A quick look at how dance can help us understand the microbial worlds in and around us.
The human-microbial ecosystem seems to be something everyone is thinking about these days. Research scientists. Laypeople. Even choreographers.
All three parties came together recently in “Balancing Act,” a performance piece commissioned by GEM, UB’s Genome, Environment and Microbiome Community of Excellence. Repeat exhibitions at the Buffalo Science Museum brought in a diverse audience, including groups of elementary school students, who gained new insight into the many bacteria, viruses and other microorganisms that inhabit their bodies.
Performers from the Anne Burnidge Dance company led viewers through a space suggestive of the digestive tract to take in a series of vignettes featuring video, song, spoken word and, of course, dance, performed so up-close that watching it gave the impression of looking through a microscope.
Burnidge, an associate professor in UB’s Department of Theatre and Dance, said the project developed in two directions. One involved direct representations of microbial processes presented as an abstract modern dance piece. The other was a bit more fanciful.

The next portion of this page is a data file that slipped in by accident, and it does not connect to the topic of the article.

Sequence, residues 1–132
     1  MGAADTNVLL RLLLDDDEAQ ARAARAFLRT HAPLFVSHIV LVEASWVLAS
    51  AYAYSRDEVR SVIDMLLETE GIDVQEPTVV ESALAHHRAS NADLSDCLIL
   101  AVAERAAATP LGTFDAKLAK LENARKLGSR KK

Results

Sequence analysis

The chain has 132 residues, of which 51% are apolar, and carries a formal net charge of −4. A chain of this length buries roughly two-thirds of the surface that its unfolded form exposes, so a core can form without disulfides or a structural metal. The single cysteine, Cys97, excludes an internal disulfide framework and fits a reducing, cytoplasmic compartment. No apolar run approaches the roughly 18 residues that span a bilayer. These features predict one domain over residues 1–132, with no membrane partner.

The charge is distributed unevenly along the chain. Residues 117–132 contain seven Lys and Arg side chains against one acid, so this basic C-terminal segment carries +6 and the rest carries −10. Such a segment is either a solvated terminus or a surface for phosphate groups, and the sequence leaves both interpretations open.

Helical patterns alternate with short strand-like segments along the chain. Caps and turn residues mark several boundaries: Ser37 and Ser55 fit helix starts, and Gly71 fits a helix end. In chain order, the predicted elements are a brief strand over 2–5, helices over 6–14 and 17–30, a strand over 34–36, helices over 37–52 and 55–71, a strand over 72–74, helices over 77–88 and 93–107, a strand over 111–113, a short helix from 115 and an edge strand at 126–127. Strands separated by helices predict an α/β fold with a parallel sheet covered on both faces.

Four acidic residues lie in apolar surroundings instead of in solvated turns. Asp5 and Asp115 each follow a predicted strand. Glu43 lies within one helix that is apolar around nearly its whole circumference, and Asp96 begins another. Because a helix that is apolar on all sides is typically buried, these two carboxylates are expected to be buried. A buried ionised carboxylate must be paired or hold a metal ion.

“We took an imagistic, imaginative approach to the research,” says Burnidge, noting all that she learned about the delicacy of balance in our digestive processes, the hidden benefits of the germs we pick up from the natural environment and the possibility that our microbes may even impact our love lives. “I found all of this fascinating in a very evocative way that we just wanted to have fun with,” she says. Thus, dancers were alternately smearing themselves with yogurt, building teetering towers with food packages and immersing themselves in the dirt.
The discipline-blending project got its start casually, says Burnidge. The co-director of GEM, Jennifer Surtees, happens to be her neighbor. “She walked down the street and said, ‘Hey, do you want to be a part of this?’ And I jumped in with both feet.”